Before You Buy: Checking Over Ford Wheelchair Vans


You can save several thousand dollars by purchasing a used wheelchair van. Handicap vans depreciate a great deal the moment they drive away from a dealer’s lot, creating numerous bargains for smart used vehicle buyers. You may be able to secure a Ford wheelchair van at a great price.

The Risks

There’s always risk associated with a used car. Poor maintenance can destroy a van’s longevity. Accidents can make it unreliable. Flood damage can render it toxic and prone to breakdowns. Unless you know the history of the used van, it’s hard to determine whether it’s worthy of your consideration.

How does one develop a clear picture of a vehicle’s past so that they may have a better idea of its likely future? It starts with an inspection on the part of the prospective buyer.

Check Potential Problems

You need to review the vehicle for any common signs of potential problems. That requires more than kicking the tires. You’ll want to evaluate both the mechanical aspects and the exterior traits of the vehicle.

Here’s a list of some key considerations you should have in mind while examining any used Ford wheelchair van:

The body panels.
These should hang straight and appear consistently aligned with one another. Deviations could be a sign of a major accident.

The tires. They should demonstrate even wear. Uneven wear could be indicative of an alignment issue or, even worse, serious front end issues.

The oil.
It should be free of particulates and it shouldn’t be too dark.

The radiator.
Look at the water. The antifreeze may have discolored it slightly, which is fine. You should concern if you see oily or milky water.

The engine.
Look for oil leaks on and around the base of the engine.

There’s always risk associated with a used car. Poor maintenance can destroy a van’s longevity. Accidents can make it unreliable.Look for rusted exhaust pipes, pipes with holes in them and other trouble signs.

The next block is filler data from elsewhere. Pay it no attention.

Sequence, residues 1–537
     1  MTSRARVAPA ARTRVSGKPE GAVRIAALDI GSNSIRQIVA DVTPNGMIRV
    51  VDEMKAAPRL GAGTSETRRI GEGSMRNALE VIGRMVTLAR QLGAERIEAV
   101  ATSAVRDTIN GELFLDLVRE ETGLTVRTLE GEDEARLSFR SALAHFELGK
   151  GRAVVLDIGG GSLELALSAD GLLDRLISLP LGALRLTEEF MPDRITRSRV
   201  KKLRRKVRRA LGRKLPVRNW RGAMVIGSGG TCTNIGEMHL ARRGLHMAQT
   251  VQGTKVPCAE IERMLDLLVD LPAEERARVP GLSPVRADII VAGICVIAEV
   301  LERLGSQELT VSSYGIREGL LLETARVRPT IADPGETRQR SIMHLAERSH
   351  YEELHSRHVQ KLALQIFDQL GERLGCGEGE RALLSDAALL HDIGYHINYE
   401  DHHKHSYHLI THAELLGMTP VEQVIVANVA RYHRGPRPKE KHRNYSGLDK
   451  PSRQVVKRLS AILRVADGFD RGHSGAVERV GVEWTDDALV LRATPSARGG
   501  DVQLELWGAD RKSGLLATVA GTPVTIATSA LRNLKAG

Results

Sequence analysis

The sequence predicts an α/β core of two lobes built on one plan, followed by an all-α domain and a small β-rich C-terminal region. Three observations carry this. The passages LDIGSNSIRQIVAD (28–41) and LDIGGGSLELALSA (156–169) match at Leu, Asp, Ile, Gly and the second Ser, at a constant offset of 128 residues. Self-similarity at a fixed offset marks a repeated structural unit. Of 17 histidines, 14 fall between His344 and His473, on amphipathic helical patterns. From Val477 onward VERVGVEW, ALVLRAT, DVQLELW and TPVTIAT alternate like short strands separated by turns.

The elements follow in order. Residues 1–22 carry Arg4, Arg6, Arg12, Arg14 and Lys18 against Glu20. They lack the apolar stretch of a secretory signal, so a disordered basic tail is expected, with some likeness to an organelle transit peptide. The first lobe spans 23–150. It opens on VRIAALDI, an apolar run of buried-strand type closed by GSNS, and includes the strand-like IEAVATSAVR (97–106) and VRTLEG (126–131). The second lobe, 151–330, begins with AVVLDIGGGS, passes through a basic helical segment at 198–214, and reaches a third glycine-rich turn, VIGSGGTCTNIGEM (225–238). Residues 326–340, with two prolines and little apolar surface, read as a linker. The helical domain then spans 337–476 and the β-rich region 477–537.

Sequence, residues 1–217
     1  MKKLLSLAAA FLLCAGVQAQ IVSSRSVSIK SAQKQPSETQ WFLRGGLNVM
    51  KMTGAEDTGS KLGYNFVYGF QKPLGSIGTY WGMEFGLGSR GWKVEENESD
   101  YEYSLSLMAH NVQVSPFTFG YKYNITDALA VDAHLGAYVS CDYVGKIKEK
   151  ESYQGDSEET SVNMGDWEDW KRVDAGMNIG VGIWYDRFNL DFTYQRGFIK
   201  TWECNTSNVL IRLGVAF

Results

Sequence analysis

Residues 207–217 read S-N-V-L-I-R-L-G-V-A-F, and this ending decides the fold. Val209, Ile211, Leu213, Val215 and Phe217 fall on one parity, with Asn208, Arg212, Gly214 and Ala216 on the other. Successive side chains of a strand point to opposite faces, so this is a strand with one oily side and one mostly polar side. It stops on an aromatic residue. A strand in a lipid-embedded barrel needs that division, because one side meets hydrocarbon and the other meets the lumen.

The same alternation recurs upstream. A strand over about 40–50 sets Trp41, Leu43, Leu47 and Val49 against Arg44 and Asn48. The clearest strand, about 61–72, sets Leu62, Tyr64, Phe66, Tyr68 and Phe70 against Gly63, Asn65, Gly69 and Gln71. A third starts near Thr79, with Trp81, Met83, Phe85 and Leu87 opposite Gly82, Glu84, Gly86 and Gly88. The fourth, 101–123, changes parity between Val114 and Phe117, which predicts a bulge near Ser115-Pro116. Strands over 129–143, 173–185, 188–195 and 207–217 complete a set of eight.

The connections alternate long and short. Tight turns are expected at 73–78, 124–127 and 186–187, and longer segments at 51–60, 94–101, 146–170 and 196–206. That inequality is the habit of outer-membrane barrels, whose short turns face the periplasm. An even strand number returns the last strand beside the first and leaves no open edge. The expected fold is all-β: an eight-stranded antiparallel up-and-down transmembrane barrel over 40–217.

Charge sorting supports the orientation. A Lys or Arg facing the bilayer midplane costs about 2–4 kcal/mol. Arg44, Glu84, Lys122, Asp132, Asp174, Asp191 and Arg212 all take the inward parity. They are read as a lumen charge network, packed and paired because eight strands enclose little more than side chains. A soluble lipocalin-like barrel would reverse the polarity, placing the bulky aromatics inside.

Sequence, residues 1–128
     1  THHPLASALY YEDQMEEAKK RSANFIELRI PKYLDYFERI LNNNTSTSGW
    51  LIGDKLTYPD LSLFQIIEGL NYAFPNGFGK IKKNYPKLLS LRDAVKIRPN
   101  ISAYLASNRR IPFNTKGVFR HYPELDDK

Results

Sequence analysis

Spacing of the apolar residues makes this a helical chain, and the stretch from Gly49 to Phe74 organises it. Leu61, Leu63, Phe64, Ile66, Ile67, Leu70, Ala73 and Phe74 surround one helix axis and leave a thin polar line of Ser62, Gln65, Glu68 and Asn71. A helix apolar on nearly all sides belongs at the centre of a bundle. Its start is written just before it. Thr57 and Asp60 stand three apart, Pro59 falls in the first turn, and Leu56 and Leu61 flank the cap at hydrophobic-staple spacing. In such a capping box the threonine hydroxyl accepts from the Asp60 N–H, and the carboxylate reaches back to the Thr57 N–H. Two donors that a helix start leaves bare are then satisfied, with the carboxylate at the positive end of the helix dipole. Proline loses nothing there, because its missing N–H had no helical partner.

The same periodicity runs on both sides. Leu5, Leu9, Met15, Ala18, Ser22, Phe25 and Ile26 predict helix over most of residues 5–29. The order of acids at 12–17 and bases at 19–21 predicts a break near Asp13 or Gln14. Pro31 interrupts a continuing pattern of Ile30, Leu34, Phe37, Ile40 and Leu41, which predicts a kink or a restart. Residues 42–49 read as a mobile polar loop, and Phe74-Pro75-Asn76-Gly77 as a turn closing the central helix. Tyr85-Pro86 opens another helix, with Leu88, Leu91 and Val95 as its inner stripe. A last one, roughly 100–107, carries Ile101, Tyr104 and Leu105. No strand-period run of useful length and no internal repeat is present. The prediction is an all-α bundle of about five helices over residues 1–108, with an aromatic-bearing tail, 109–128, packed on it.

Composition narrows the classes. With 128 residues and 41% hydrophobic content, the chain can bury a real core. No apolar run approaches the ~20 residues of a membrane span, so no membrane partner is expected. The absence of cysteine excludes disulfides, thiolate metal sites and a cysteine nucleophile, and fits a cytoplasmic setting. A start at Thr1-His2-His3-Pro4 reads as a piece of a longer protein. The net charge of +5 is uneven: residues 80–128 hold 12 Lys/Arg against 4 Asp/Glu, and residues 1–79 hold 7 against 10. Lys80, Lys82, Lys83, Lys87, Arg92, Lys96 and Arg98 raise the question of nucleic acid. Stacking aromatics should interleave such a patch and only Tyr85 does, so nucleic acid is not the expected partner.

The start of rust.
Look under wheel wells and under the van’s hood for any signs that rust may be starting. Once it gets going, it’s hard to stop.

The safety equipment.
Your horn, seatbelts, lights and all other safety equipment should be functioning correctly.

That’s not a comprehensive list, but it should give you a good idea of what you should be checking on your own when looking at a used Ford wheelchair van. If the vehicle passes your inspection, you’ll want to move to the next level.

Get A History Report

That means ordering a vehicle history report. A VHR will tell you if the vehicle has been in any accidents, if its title status has changed, the number or previous owners and other information that might help you determine if the van carries any risk. Find out more about Ford Wheelchair Van History Checks.

Companies like CarFax pull information from law enforcement, the insurance industry, government bodies and other sources to generate a comprehensive examination of the vehicle’s past. What you read should comport with your observations and you should only proceed if there’s nothing in the report to concern you.

Get a Professional Mechanical Check

You’ll also want your own mechanic to look at the vehicle. Ask them to do a full inspection with an eye out for any pending problems or evidence of serious problems that may have somehow escaped for the first two levels of your investigation.

If you approach buying a Ford wheelchair van the right way, you can find quality vehicles that will serve your needs for some time to come at a great price. If you fail to do your homework, you may risk wasting your money, time and safety.

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